I guess that’s a question of how Dorico utilizes multiple cores, which is something I don’t entirely understand. I know it runs better on at least a 4-core machine, but I also know some folks with extremely powerful machines don’t seem to experience a proportionately higher performance improvement. And when I’ve tried large tasks (like adding tons of flows, or condensing 1,000 bars), I’ve been watching the CPU meters and don’t see much change.

I’m not sure my understanding goes much further than yours.

If I understand correctly, there are certain tasks - particularly ones involving Setup mode, but also condensing - that have to be done serially. You can’t work out how page 2 will look until you’ve worked out how page 1 looks, etc. It may be that there are certain sub-tasks within these tasks that can be spread across multiple threads, but on the whole I get the impression that these tasks are sent to a single core.

That’s pretty cool! Here are the entries for the 1000 bar condensing test on my desktop ( i9-9900K, 64 GB) vs laptop ( i7-7500U, 16 GB):
6952 ms, 9355 ms

When cut down to only 100 bars it’s:
1282 ms, 1600 ms

That’s really interesting. I’ll try that on my machines when I get back home. I would like to hear Paul or Daniel weigh in on what they think would be several of the most helpful tasks, then we can sort of standardize those into a benchmark test.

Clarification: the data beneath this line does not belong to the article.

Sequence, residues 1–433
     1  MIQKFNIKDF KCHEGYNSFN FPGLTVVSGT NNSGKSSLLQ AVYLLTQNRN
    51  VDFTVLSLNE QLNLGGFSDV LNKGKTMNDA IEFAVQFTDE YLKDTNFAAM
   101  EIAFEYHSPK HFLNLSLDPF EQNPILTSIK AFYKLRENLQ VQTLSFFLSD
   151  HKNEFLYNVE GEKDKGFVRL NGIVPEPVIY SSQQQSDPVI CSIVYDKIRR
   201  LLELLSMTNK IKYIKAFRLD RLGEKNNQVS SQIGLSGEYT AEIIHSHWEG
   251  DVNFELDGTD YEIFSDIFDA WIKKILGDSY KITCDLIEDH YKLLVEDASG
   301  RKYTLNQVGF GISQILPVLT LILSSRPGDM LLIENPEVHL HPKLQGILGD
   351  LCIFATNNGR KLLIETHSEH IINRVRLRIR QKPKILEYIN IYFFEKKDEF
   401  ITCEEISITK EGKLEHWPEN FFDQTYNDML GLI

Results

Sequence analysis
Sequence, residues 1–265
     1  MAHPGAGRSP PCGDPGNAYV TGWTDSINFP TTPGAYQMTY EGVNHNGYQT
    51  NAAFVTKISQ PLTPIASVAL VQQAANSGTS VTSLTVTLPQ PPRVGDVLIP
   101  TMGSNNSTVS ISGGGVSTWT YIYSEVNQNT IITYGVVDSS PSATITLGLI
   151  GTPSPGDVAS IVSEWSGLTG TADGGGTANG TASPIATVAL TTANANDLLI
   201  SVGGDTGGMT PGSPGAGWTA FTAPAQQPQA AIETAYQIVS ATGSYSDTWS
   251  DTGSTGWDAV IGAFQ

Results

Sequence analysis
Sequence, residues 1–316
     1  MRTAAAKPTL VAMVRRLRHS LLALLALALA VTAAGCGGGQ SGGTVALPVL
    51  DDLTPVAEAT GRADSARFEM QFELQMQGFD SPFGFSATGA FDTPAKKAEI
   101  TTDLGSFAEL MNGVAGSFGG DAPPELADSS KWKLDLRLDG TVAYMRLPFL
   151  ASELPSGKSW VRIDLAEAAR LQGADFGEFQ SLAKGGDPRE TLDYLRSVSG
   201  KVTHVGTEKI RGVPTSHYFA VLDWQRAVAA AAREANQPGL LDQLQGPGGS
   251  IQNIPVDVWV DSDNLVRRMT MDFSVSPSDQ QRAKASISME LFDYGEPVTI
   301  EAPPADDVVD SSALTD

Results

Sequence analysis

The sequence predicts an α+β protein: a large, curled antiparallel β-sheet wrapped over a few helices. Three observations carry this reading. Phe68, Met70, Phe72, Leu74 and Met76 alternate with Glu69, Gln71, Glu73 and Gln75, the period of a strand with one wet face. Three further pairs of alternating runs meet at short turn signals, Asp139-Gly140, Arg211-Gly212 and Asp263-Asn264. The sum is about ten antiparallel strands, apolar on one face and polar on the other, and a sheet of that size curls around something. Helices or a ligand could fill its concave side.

Now that’s intriguing. I’m pretty sure this 2019 Macbook Pro contains an i9-9880H, and has half as much RAM as Todd’s machine, yet I’m getting consistently lower numbers.

@FredGUnn are you running much other stuff in the background? I’ve got helpers for Dropbox, Google Drive, OneDrive, Stream Deck and a couple of backup widgets but that’s about it…

Did you bother to wait for HALion to finish loading patches in the background, and are you using a non-standard playback template?

Just closed out some of the background stuff and it’s about a half second faster at 6494 ms. I still have a lot of background apps that are set to automatically restart if I manually close them so there still is a bunch going on. Backblaze (online backup), NAS, antivirus, cooling management, UAD audio software, MIDI routing (so Dorico receives the MIDI signal), and some Adobe CC stuff that refuses to stay closed are all running.

Todd, I tried your condensing test. Ryzen 7 2700x, 8 cores, 3.7 GHz, 64 GB RAM

1,000 bars condensing: 5745 ms
100 bars condensing: 1032 ms

Sorry to have to ask this, but how do I access the Application Log?

Never mind. I’ve never had to create a Dorico diagnostics report…

On Windows it’s in %APPDATA%\Steinberg\Dorico 3.5 and on Mac it’s in /Users/your-username/Library/Application Support/Steinberg/Dorico 3.5

There will usually be 10 numbered logs plus one unnumbered log. The unnumbered one is the most recent one.

Hmm. If I create a Diagnostics Report, it saves a ZIP file to the desktop. How is this different from the file(s) in Application Support which you mentioned?

It’s just a quick way of getting the logs all in one easily accessible place. The logs themselves are identical.